Bond readies to halt 'Borat' run

Shock comedy No. 1 for second week as 'Casino' sets sights

British comedian Sacha Baron Cohen's mocumentary "Borat" dominated international screens for a second consecutive weekend, but the overseas market will determine whether the shock-dispensing shenanigans of a make-believe Kazakhstan newsman can stand up to suave action hero James Bond, whose "Casino Royale" opens in 31 territories this coming weekend.

"Borat's" crude antics continued to win over mostly European audiences, taking in $15.4 million from 1,147 screens in 20 markets for an international cume to date of $43.2 million.

How "Borat" will fare in language-conscious nations like France, Spain and Italy, and especially in Latin America and Asia, remains up in the air, but the general feeling is that the international buzz surrounding "Borat: Cultural Learnings of America for Make Benefit Glorious Nation of Kazakhstan" will transcend any doubts about the film's boxoffice chances.

"Casino Royale," meanwhile, has the advantage of having in Bond a popular icon who usually scores better at overseas multiplexes than in North America. The Sony Pictures Releasing International entry is going out in three main waves, with the first rollout of 31 countries, including the U.K. with 1,000 screens, Russia with 632 and India with 500. The second sweep includes France, Germany and Spain, with Japan in line to greet 007 on Dec. 1.

Over the weekend, "Borat" came in at No. 1 in three smaller markets — Greece ($279,000 from 27 screens), Bulgaria ($44,000 from 10) and Serbia ($41,000 from four). Key holdovers saw "Borat" take the No. spot in the U.K. for a second week, dropping only 15% for a tally of $8.6 million from 430 screens for a market cume of $26.9 million. In Germany, the comedy showed a 4% increase on its second weekend, recording $2.7 million for a market cume of $6.3 million.

In addition to "Borat," 20th Century Fox's offbeat entry about a fashion magazine, "The Devil Wears Prada," maintained a solid holdover pace, taking in $7.2 million from 3,107 screens in 31 markets for a cume of $162.9 million, with a sole opening in the United Arab Emirates delivering $107,000 from 19 screens. Five-week totals include $25.5 million from the U.K., $19.3 million from Germany and $16.5 million from Italy.

With Warner Bros. Pictures International joining Fox, Sony and Buena Vista International among this year's over-$1 billion achievers at the international boxoffice, this year's overseas business may come close to or top 2004's all-time record. Sony is looking forward to new heights as "Casino Royale" enters the market; BVI appears on the verge of surpassing another industry mark; and Fox is riding high with the unexpected triumphs of "Prada" and "Borat."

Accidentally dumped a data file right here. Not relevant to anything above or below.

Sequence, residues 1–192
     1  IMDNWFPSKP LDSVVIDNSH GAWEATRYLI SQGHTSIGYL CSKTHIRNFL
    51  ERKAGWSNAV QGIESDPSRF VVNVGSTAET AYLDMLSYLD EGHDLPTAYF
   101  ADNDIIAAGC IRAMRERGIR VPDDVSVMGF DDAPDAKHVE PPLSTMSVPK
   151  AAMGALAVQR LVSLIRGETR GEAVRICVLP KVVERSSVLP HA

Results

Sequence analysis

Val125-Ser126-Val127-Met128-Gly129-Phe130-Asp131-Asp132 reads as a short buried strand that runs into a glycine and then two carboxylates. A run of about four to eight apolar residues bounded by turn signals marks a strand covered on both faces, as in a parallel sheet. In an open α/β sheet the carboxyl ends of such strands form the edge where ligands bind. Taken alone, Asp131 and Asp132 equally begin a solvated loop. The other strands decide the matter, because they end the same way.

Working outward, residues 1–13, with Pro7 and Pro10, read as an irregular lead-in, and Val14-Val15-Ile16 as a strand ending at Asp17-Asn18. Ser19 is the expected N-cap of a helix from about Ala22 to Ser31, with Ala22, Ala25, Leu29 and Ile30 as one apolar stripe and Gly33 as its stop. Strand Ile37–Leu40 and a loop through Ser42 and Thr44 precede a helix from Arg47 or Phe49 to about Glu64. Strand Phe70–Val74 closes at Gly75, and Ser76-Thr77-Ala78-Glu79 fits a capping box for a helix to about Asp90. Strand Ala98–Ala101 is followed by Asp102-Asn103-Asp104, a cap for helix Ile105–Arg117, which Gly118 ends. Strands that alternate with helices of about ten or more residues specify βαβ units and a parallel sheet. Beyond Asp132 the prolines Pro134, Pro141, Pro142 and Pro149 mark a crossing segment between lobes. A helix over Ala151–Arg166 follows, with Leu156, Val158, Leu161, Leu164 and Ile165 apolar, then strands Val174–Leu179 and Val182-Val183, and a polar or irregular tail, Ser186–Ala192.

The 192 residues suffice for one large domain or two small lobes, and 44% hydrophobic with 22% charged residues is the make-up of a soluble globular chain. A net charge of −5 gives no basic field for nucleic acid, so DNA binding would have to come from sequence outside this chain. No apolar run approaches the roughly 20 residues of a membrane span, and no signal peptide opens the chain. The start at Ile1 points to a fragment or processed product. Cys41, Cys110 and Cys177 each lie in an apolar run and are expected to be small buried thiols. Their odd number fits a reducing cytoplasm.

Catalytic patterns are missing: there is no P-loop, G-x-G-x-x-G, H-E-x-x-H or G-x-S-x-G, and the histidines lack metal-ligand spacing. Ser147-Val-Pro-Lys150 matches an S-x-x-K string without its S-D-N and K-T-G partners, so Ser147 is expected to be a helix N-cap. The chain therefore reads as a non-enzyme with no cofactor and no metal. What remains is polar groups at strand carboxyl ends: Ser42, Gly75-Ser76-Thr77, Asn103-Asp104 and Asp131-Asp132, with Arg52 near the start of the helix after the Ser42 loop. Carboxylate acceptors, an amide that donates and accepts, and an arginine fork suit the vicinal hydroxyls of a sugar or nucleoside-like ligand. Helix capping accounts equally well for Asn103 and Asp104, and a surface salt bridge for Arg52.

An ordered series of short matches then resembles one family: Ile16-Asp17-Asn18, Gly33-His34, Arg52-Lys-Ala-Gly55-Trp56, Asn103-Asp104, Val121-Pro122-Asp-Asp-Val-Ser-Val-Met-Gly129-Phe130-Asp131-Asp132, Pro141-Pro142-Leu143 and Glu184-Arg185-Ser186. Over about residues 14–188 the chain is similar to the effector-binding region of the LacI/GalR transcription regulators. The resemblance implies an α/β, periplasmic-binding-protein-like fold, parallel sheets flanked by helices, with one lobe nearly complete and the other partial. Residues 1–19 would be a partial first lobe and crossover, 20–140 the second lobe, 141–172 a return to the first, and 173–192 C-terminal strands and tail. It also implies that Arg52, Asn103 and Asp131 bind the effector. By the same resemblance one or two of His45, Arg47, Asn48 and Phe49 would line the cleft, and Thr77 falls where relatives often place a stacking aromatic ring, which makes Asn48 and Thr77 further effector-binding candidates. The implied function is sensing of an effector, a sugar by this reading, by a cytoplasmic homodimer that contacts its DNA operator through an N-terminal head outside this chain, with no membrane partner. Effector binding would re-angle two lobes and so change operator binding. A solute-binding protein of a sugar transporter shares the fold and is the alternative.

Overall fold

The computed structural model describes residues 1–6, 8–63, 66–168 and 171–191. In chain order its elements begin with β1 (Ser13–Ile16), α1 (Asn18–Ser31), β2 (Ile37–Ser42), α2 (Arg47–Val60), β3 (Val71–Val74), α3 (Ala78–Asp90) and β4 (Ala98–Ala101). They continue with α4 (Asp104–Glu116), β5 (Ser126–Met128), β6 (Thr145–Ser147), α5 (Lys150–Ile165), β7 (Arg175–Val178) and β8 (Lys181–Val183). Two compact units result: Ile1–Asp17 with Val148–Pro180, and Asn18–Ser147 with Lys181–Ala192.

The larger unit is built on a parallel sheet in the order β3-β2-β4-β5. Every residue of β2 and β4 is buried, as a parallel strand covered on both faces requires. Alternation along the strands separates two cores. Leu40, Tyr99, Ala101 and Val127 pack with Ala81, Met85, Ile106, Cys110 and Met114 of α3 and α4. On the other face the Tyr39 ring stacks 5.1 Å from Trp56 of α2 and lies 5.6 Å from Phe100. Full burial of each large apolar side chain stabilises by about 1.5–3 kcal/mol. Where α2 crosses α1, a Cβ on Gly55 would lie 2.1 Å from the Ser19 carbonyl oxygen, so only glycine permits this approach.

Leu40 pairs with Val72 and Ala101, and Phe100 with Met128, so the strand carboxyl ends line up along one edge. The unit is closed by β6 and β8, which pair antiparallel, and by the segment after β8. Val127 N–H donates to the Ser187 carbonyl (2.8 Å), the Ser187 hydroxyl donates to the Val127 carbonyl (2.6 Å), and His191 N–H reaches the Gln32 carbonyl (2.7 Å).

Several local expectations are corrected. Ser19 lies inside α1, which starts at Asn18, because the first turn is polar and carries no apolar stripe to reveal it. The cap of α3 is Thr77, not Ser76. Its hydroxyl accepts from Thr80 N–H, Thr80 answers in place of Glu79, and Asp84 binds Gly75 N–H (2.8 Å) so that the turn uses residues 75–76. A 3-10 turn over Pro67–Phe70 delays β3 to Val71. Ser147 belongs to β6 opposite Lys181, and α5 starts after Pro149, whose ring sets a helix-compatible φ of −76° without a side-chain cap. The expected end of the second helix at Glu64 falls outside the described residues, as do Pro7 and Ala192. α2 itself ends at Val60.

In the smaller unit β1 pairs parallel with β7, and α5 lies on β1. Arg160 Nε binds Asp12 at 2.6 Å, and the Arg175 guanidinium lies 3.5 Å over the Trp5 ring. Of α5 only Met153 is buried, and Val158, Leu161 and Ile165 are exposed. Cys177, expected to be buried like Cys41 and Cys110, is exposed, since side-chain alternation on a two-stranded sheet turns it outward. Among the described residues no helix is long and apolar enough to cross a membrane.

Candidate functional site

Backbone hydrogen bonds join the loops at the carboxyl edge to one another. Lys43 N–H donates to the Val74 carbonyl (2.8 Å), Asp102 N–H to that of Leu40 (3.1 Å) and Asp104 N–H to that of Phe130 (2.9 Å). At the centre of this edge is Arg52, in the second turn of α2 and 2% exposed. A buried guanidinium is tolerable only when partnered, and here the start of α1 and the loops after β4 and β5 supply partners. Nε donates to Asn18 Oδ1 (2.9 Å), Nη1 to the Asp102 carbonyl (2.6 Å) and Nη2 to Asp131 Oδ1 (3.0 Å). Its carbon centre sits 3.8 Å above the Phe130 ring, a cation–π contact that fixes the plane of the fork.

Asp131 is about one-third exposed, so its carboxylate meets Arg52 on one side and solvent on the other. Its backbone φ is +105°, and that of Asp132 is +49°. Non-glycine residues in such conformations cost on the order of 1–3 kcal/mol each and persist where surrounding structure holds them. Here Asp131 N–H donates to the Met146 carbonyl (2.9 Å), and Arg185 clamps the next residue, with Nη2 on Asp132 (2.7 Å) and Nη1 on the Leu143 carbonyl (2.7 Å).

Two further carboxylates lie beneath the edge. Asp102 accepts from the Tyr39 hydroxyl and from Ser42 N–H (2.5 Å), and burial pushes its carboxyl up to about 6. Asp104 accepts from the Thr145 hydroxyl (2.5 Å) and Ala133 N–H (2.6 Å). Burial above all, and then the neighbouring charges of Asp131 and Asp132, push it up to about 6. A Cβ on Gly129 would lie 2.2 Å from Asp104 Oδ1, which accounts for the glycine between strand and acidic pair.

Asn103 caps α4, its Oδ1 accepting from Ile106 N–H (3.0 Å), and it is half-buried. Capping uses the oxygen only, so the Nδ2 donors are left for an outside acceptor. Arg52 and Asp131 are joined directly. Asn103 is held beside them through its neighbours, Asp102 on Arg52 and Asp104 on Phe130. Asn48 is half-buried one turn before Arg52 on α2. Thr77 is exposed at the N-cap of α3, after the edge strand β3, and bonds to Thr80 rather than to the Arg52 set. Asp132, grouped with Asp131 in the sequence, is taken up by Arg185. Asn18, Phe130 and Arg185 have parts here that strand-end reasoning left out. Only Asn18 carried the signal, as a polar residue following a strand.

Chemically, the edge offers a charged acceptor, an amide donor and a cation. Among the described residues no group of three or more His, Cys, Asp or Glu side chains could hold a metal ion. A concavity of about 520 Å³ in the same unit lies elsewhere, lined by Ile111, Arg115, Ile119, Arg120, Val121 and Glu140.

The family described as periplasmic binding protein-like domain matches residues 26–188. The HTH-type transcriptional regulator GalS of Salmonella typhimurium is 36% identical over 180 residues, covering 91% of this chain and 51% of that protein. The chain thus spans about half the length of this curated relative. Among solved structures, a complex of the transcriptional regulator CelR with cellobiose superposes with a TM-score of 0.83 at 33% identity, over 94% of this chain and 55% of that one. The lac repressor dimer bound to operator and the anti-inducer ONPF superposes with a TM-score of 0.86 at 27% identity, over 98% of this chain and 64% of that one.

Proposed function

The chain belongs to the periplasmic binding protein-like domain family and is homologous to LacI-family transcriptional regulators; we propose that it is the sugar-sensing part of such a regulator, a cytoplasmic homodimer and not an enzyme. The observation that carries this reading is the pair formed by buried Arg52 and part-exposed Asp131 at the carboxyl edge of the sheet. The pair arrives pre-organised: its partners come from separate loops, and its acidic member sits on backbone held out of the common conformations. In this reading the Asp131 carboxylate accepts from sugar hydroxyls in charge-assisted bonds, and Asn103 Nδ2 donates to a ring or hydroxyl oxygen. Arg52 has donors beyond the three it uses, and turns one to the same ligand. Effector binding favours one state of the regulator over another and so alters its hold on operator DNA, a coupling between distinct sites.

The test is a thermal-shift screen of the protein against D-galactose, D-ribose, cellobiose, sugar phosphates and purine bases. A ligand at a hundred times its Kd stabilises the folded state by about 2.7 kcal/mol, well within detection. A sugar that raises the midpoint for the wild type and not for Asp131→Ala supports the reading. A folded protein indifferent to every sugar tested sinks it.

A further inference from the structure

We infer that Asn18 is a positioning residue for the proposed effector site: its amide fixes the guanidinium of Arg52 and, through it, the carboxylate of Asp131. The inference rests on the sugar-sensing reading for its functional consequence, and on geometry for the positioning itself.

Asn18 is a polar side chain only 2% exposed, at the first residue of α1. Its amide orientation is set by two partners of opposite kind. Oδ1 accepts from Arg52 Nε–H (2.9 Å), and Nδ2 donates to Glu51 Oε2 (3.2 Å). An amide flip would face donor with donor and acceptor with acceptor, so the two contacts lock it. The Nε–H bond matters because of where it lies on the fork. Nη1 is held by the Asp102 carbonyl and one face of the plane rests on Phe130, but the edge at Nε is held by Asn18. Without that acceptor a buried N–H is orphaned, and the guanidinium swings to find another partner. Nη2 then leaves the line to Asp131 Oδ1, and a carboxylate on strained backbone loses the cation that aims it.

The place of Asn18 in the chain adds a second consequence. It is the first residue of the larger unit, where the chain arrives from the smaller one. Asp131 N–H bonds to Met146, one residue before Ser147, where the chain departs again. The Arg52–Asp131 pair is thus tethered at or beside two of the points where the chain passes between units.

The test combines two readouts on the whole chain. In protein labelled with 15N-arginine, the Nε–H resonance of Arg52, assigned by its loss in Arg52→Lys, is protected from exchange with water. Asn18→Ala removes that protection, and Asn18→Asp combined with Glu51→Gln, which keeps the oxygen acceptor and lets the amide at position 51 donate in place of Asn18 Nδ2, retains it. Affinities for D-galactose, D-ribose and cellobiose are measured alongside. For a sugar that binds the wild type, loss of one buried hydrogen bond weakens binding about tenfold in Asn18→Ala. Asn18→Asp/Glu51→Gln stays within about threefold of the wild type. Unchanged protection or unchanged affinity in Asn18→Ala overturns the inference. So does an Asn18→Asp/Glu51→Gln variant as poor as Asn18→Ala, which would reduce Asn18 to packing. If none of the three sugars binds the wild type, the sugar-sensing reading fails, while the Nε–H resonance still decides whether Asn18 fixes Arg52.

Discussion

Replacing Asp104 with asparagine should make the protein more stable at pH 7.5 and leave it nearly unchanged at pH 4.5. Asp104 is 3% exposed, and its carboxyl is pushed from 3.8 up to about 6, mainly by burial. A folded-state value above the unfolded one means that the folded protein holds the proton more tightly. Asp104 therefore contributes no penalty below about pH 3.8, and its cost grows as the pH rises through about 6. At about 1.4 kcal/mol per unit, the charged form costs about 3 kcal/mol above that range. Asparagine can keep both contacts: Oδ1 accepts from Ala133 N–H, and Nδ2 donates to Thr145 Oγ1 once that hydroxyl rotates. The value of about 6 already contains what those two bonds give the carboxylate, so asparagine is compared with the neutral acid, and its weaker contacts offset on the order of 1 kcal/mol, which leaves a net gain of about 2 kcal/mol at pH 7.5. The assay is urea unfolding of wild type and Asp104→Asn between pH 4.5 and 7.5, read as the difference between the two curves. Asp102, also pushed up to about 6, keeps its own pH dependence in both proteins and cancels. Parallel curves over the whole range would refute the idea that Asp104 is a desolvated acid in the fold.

Sony's animated "Open Season" continued to draw the family trade, coming in second to "Borat" in the international market with $9 million from 4,570 screens in 52 markets for a cume of $63.5 million.

DreamWorks/Paramount's new animated offering "Flushed Away" moved up to $6.2 million after a $1.6 million holdover weekend from four markets, while the company's earlier "Over the Hedge" reached $176.7 million following a $1.3 million weekend from 513 screens in 13 markets.

Paramount docu comedy "Jackass Number Two" opened No. 1 in Australia with $1.8 million from 198 screens, contributing to the weekend total of $2.2 million and a cume to date of almost $5 million.

Lionsgate's "Saw III," which BVI is releasing in Spain and Latin America, came up with a weekend total of $7.7 million from 1,436 screens in 16 territories, providing a cume to date of $26.7 million. The horror offering arrived No. 1 in Spain with $2.8 million from 295 screens and held the No. 1 spot in Brazil for a second weekend, dropping only 31% with a take of $715,000 from 204 screens for a market cume of $2.6 million.

Also among the top five weekend scorers was Warner Bros. Pictures' "The Departed," which took in $7.3 million from about 1,900 prints in 36 countries (including estimated tallies from non-Warners markets). The Martin Scorsese crime drama debuted at No. 1 in Brazil ($721,000 from 150 prints) and is holding well for a sixth week in the U.K., a fifth week in Australia, and a third weekend in Spain and Italy. The cume to date has reached $59.6 million.

Ridley Scott's languishing comedy-drama "A Good Year," starring Russell Crowe, made a bit of an impact thanks to expanding dates, picking up $4.7 million from 1,843 screens in 18 markets for a cume to date of $7.9 million. It entered Germany in the No. 5 spot with $1.1 million from 351 screens.

Warner Bros. Pictures' "The Prestige" reached $11.3 million after a $4.3 million weekend in 18 markets, highlighted by a $2.3 million opening in the U.K. and key holdovers in Spain and Korea. At the same time, Warners' "Flags of Our Fathers" took in $2.6 million in 11 markets from 1,360 prints, raising the cume to $13.4 million.

Summit Entertainment's release of "Step Up" collected $2.2 million over the weekend from 870 screens to hoist the film's cume to $27.8 million, while the indie distributor's "Babel" scored an estimated $2.8 million from 380 screens, with Mexico welcoming it in the No. 1 position with $1.7 million from 280 screens.

Local-language offerings kept up a hot pace. Germany's "Seven Dwarves 2" has a cume of $23.4 million following a $3.8 million weekend in four countries; Warners' release in Japan of local film "Death Note 2" continued as a strong No. 1 in the market, grossing $4.6 million from 346 prints for a market cume to date of $19.4 million; and Warners' release of the Spanish film "Pan's Labyrinth" grossed $766,000 from about 450 prints in Spain and Mexico, lifting the international gross to $11.6 million.
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